"The City and Man" consists of three lectures by the famed -- and controversial -- political theorist Leo Strauss: he offers commentaries on Aristotle's "Politics," on Plato's "Republic," and on Thucydides' "History of the Peloponnesian War."
Strauss, who was during his life an obscure professor at the University of Chicago, has recently achieved posthumous fame because a number of his alleged disciples, so-called "Straussians," were among the neoconservatives who conceived and implemented the recent disastrous American conquest of Iraq.
His writings have therefore acquired new interest because of the insight they may provide into the thinking of those who have attempted to create a new American imperium.
Strauss is renowned for his verbosity, for a bizarre numerological fixation on the ancient texts he studied, and for a belief in "esotericism" -- i.e., that the classic authors hid their real teachings in cryptic subtexts discernible only by the most probing of readers.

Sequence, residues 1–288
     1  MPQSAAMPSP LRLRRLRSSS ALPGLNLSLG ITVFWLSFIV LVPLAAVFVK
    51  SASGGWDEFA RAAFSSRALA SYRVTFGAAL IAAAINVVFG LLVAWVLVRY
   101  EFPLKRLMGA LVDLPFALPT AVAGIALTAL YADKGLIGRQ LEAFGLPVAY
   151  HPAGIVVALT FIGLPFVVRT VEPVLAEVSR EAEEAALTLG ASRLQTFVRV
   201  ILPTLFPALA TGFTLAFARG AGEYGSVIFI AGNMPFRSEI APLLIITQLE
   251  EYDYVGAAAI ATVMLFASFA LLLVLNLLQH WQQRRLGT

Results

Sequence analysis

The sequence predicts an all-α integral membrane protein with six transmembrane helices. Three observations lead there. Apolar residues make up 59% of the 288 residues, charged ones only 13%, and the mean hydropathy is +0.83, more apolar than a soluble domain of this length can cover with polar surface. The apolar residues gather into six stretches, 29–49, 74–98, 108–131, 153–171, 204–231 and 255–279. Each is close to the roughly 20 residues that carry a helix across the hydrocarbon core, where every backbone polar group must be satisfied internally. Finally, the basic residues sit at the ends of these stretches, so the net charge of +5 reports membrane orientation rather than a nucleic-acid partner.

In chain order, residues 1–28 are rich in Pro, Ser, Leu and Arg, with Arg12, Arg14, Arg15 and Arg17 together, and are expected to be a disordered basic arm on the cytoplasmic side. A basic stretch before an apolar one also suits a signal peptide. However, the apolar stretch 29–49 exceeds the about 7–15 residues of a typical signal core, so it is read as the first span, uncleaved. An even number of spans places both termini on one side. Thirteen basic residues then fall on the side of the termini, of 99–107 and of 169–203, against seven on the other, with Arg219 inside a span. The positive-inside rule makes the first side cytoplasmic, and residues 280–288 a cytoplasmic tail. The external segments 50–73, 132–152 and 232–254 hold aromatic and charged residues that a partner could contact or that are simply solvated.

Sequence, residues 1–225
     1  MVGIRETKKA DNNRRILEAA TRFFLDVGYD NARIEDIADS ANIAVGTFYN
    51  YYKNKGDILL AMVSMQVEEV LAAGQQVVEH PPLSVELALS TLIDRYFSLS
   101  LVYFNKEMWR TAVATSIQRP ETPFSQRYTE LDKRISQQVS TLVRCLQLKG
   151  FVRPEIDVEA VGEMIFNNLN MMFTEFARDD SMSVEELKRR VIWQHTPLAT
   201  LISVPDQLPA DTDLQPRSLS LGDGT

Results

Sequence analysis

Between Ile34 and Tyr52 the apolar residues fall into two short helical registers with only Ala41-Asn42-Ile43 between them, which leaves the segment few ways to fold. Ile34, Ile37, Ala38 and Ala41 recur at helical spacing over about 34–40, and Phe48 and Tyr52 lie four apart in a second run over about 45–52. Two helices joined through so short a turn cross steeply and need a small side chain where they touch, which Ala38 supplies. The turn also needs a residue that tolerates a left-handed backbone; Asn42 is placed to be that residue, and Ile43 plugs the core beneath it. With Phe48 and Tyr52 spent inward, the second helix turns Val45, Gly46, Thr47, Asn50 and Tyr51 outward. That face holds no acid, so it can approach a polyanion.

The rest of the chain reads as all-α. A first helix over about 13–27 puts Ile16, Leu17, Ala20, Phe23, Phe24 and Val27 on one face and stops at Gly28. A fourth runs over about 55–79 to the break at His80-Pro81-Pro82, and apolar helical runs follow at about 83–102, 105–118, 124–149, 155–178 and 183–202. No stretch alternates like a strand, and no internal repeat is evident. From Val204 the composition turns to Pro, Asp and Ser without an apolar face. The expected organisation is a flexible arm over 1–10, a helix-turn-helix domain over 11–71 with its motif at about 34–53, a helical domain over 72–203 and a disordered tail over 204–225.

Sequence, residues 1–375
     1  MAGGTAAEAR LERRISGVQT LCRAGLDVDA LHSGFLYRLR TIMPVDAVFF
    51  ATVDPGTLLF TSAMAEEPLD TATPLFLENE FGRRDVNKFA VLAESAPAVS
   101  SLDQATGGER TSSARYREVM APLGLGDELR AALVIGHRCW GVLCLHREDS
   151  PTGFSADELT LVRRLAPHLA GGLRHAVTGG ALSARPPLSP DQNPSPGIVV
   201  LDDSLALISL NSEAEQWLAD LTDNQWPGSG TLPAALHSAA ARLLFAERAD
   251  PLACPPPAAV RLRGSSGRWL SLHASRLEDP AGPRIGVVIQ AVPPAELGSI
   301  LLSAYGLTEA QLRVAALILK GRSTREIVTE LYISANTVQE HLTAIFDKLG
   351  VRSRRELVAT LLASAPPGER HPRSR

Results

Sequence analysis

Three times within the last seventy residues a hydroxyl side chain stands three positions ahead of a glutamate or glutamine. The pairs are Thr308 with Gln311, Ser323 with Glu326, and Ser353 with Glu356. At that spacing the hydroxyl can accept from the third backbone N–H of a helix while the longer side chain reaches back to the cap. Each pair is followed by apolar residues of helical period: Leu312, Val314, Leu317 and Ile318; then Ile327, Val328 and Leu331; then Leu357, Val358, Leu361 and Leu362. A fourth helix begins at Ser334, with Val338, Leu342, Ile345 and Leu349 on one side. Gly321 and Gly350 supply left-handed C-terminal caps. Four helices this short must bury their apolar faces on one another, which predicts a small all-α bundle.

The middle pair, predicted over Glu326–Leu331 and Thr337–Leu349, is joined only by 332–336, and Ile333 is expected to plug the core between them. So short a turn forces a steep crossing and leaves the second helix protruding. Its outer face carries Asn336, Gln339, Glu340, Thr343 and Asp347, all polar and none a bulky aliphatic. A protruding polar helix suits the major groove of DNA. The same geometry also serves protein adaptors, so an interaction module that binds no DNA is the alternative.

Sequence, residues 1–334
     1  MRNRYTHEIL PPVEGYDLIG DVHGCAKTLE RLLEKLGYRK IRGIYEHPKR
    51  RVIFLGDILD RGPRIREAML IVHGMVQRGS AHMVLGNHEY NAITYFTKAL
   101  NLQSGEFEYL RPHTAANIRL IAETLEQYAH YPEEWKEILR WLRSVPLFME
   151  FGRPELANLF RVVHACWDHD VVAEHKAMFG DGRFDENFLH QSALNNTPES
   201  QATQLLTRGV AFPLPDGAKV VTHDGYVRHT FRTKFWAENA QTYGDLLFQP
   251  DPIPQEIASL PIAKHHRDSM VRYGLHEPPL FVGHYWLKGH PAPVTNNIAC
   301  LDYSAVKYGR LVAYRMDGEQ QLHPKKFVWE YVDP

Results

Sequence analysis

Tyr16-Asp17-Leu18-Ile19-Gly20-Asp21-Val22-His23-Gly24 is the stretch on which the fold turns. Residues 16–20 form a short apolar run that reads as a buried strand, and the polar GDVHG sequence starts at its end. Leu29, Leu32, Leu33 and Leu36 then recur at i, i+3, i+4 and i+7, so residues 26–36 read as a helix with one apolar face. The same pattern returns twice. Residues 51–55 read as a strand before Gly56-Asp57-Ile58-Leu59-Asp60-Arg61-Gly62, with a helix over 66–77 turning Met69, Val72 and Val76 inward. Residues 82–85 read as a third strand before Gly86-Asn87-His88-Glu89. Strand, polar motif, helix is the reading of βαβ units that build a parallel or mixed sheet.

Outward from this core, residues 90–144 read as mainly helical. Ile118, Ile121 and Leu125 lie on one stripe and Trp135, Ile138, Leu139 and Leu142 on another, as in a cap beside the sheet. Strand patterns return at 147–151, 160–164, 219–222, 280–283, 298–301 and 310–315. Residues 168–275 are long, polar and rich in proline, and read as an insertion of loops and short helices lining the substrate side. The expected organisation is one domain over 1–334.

"The City and Man" definitely exhibits Strauss' verbosity -- it is appropriate bedtime reading only if one needs a cure for insomnia. There is, however, little evidence of Strauss' numerological fetish -- he does at one point allude to a certain numerical symmetry in the structure of Plato's "Republic" based on a two-one-two pattern in the number of Socrates' "interlocutors," but the point is of the sort that any literary critic might make.
And to the degree that Strauss attributes "esoteric" doctrines to his authors in this book, it is again such as any literary critic might suggest -- e.g., he repeatedly suggests that certain characters are intended to illustrate certain ideal types or that the presentation is structured so as to emphasize certain key themes.
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1 of 1 people found the following review helpful By Dale B Mortimer on January 9, 2013
Format: Paperback Verified Purchase
Very helpful, careful discussion of Aristotle's Politics, Plato's Republic and Thucydides' War of the Peloponnesians and the Athenians. Great teacher. Infinitely patient with mere mortals. I miss him.